This child has fallen into a “gap” in the system. Her behaviours are so extreme that no residential or supported living placement sourced by children’s services can meet her needs, whilst there is clearly inadequate provision from the NHS and health services of placements, which can manage her mental health needs. Her time at [ZX] has amply demonstrated that placement in secure accommodation cannot meet her needs and is inappropriate.
… This case has demonstrated the inadequacy of the current secure accommodation resources in England and Wales (leading to this local authority having to place in Scotland) and has now gone on to demonstrate the inadequacy of suitable provisions for children with high level of mental health issues, which necessitate assessment and treatment in a secure setting. Placements for vulnerable children and adolescents, be it within secure accommodation of mental health provisions, are a scarce resource.[3]

‘I agree with every word of that’, said the judge. ‘My only cavil is that [this] language is perhaps unduly moderate. The lack of proper provision for X – and, one fears, too many like her – is an outrage.’

And then comes an important passage in which the judge speaks explicitly about the role of judges.

What this case demonstrates, as if further demonstration is still required of what is a well-known scandal, is the disgraceful and utterly shaming lack of proper provision in this country of the clinical, residential and other support services so desperately needed by the increasing numbers of children and young people afflicted with the same kind of difficulties as X is burdened with. We are, even in these times of austerity, one of the richest countries in the world. Our children and young people are our future. X is part of our future. It is a disgrace to any country with pretensions to civilisation, compassion and, dare one say it, basic human decency, that a judge in 2017 should be faced with the problems thrown up by this case and should have to express himself in such terms.

X is, amongst all her woes, a young person convicted in the Youth Court and a prisoner of the State. As long ago as 1910, a Home Secretary, speaking in the House of Commons, asserted that “The mood and temper of the public in regard to the treatment of crime and criminals is one of the most unfailing tests of the civilisation of any country.” In modern times the principle has expanded, so that, as is often said, “One of the measures of a civilised society is how well it looks after the most vulnerable members of its society.” If this is the best we can do for X, and others in similar crisis, what right do we, what right do the system, our society and indeed the State itself, have to call ourselves civilised? The honest answer to this question should make us all feel ashamed. For my own part, acutely conscious of my powerlessness – of my inability to do more for X – I feel shame and embarrassment; shame, as a human being, as a citizen and as an agent of the State, embarrassment as President of the Family Division, and, as such, Head of Family Justice, that I can do no more for X.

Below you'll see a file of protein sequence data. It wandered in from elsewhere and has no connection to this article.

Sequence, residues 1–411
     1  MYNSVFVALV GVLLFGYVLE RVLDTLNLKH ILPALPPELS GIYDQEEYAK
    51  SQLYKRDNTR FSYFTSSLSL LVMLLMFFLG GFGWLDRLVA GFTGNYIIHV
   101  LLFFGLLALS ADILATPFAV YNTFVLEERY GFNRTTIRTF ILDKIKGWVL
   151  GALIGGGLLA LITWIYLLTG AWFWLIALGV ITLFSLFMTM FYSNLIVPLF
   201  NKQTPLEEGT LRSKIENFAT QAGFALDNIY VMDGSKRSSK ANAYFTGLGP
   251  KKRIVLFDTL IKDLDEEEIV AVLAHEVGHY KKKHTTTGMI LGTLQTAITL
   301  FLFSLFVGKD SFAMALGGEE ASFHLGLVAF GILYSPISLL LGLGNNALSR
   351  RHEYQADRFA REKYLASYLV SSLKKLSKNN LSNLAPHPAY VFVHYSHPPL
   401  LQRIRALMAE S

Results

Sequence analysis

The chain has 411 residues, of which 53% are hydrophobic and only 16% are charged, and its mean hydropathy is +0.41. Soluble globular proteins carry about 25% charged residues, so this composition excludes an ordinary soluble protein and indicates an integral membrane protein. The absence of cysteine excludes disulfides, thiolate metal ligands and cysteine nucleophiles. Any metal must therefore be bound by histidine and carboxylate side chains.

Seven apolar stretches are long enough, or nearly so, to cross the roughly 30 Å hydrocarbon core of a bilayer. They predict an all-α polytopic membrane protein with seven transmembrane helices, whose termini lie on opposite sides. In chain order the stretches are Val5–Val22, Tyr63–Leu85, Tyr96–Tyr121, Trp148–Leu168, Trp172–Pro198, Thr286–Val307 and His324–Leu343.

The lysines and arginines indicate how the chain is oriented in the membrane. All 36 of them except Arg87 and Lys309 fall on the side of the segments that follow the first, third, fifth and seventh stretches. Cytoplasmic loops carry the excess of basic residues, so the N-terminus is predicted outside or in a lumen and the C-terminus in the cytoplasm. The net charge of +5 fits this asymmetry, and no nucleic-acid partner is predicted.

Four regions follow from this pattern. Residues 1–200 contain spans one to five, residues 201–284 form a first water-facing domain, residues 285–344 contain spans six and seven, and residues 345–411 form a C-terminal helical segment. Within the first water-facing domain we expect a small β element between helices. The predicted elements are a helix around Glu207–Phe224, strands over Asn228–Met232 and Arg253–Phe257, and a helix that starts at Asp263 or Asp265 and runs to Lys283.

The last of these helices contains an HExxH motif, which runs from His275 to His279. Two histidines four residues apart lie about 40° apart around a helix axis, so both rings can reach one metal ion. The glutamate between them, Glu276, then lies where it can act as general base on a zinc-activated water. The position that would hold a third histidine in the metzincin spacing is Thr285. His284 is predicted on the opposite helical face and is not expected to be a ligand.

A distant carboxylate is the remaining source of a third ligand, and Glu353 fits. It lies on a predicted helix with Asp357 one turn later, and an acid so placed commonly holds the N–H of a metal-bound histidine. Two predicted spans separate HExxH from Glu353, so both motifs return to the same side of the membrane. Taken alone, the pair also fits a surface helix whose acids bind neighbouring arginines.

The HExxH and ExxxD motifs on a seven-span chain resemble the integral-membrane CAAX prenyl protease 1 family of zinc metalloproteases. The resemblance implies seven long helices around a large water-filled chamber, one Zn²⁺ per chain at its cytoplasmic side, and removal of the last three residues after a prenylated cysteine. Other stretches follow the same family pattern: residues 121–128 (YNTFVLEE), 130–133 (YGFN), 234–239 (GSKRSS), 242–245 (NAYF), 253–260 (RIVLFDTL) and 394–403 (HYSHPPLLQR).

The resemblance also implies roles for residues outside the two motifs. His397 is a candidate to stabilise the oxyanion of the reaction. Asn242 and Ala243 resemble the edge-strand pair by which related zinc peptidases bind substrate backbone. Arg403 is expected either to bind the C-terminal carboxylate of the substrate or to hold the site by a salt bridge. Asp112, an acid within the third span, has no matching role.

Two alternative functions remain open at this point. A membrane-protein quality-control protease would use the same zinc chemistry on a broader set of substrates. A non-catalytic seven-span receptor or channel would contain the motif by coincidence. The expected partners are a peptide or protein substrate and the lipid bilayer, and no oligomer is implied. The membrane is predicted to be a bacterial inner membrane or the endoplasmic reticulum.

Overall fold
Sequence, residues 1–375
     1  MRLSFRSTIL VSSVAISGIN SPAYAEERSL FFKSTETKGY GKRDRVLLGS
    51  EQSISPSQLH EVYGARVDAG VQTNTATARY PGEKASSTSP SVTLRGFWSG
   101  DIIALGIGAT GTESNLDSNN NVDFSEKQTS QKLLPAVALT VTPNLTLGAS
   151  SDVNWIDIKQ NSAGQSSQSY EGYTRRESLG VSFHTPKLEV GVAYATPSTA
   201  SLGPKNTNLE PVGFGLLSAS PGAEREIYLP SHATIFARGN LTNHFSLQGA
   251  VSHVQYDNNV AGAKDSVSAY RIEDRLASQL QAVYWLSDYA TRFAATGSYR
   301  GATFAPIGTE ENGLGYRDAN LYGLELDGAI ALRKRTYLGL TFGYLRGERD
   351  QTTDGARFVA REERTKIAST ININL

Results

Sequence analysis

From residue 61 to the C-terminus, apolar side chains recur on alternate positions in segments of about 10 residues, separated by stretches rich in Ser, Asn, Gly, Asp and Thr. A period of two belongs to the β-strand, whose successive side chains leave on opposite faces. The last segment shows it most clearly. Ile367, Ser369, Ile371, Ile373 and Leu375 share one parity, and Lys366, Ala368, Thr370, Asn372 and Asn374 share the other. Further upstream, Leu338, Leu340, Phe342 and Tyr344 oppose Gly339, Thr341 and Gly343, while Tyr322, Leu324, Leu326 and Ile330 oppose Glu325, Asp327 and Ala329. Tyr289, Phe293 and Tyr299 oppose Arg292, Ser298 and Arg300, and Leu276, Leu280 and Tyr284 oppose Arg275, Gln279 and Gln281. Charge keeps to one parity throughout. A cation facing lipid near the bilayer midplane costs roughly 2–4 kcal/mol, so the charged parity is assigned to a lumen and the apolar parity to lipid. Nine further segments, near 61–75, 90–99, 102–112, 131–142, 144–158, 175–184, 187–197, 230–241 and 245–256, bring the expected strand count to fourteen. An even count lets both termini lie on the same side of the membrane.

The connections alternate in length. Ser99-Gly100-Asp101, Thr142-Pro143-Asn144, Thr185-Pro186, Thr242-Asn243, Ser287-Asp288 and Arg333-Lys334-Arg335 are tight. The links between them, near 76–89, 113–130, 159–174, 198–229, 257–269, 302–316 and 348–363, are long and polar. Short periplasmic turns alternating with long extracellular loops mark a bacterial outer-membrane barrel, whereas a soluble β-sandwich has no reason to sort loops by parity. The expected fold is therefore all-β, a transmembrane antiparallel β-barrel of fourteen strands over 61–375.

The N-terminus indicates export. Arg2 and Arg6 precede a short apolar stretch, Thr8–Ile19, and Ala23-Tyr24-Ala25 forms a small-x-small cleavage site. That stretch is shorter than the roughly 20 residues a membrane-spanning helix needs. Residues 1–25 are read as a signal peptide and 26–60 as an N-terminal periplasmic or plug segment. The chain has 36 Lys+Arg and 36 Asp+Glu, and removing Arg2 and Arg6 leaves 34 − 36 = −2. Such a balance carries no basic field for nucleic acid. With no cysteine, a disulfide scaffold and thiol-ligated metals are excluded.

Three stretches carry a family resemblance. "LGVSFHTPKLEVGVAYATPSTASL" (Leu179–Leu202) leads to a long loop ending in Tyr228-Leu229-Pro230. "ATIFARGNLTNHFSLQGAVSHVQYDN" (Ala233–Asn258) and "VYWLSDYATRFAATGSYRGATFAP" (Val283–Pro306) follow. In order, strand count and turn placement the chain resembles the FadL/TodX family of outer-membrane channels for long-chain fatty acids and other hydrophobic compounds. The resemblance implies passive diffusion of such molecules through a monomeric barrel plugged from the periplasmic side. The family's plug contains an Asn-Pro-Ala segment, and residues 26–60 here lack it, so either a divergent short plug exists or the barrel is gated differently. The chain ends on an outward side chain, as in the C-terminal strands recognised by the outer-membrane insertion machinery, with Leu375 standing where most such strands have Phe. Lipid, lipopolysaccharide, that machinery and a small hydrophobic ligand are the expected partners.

If, when in eleven days’ time she is released from ZX, we, the system, society, the State, are unable to provide X with the supportive and safe placement she so desperately needs, and if, in consequence, she is enabled to make another attempt on her life, then I can only say, with bleak emphasis: we will have blood on our hands.

 My judicial duty, as with every judge in this country, is “to do right to all manner of people after the laws and usages of this realm.” There are occasions, and this is one, where doing “right” includes speaking truth to power. The entrance to the Old Bailey, the Central Criminal Court, admonishes those who enter to “Defend the Children of the Poor.” Is less required of the Family Court or of the Family Division of the High Court? I think not.

 I direct that copies of this judgment be sent immediately to the Chief Executive Officer of NHS England, to the Secretary of State for the Home Department, to the Secretary of State for Health, to the Secretary of State for Education and to the Secretary of State for Justice.[4]

The judgments, and press commentary upon them, seemed to have an effect. It concentrated the minds of the relevant authorities.

NHS England’s medical director for the north of England region was reported in the press as having said that:

The judge is quite right that the relevant agencies need to ensure a safe, new care placement for this young woman which is suitable given the great complexities of her situation. That is what is now happening, and a number of options have now been identified, with detailed clinical and social assessments taking place tomorrow to ensure the right package of care can be put in place before her release date.[5]